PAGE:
4. On april 18, the day it was planned to reach the 500 mile circle from Tokyo at about 1600, ENTERPRISE launched the usual dawn search flight and combat patrol. These were maintained continuously throughout the day. The contacts and action, indicated on the track chart by capital letters, were reported by pilots of these flights. Times indicated in connection with contacts and action, April 18, are Zone minus 10.
  5. At 0310 radar disclosed two enemy surface craft bearing 255°T., distance 21,000 yards, and at 0312 a light was seen approximately on that bearing. Ship went to General Quarters, set Material Condition Afirm and energized the degaussing gear. Course of the Force was changed to 350°T., and at 0341 the two enemy vessels went off the screen bearing 201°T., distance 27,000 yards. Our presence was apparently unnoticed by the enemy and a westerly course was resumed at 0415.
  6. At 0508 fighter patrol and search flight were launched. At 0715 one search plane returned and, by message drop, reported sighting an enemy patrol vessel in Latitude 36° 04' North and Longitude 153° 10' East at 0558 and that he believed he had been seen. Later developments indicate that this vessel made the original contact report.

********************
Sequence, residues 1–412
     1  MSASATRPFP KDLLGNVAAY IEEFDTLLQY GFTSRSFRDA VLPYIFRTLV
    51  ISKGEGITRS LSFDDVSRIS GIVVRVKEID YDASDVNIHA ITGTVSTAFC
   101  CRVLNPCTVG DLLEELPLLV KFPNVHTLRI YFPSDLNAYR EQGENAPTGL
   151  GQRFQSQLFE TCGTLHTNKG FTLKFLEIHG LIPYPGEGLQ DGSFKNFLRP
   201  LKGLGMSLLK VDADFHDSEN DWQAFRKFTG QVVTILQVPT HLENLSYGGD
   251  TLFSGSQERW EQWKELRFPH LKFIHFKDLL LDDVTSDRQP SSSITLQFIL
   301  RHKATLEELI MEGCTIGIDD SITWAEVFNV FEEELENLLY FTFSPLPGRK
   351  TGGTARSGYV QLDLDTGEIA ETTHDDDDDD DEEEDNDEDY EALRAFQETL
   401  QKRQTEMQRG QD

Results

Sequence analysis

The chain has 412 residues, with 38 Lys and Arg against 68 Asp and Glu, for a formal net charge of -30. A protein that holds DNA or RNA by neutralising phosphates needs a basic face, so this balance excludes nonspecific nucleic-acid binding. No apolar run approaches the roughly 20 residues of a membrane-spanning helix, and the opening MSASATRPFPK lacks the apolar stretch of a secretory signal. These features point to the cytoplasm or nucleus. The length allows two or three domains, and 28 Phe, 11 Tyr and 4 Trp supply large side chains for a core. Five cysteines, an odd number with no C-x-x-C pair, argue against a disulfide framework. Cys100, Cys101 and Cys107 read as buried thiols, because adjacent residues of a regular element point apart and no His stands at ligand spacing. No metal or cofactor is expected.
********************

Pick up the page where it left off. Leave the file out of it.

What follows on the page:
7. At 0744 an enemy patrol vessel was sighted bearing 221°T., distance approximately 10,000 yards. There was no doubt now that our force had been detected and almost certainly had been reported. NASHVILLE was ordered to sunk the patrol vessel by gunfire as the carriers turned into the wind (320°T., 26 knots); HORNET to launch Army B-25's for attack and ENTERPRISE to relieve patrol.s The first Army bomber was launched at 0820 approximately 650 miles from Tokyo, and the last one was off at 0921. At 0927 the Force commenced retirement on course 090°T., speed 25 knots.
  8. At 1214 radar reported enemy patrol plane bearing 020°T., distance 70,000 yards. This plane came within 64,000 yards of our force but passed off the screen at 1228 bearing 314°T., distance 83,000 yards.
  9. At 1400 two enemy patrol vessels were sighted and attacked by ENTERPRISE planes returning from search. One was sunk and the other damaged. By 1413 the enemy ship still afloat was in sight of our surface forces and NASHVILLE was ordered to attack and sink her. A white flag was broken in the enemy ship and after taking 5 prisoners, NASHVILLE sank her by gunfire. Apparently these two vessels were the same ones reported by radar at 0310.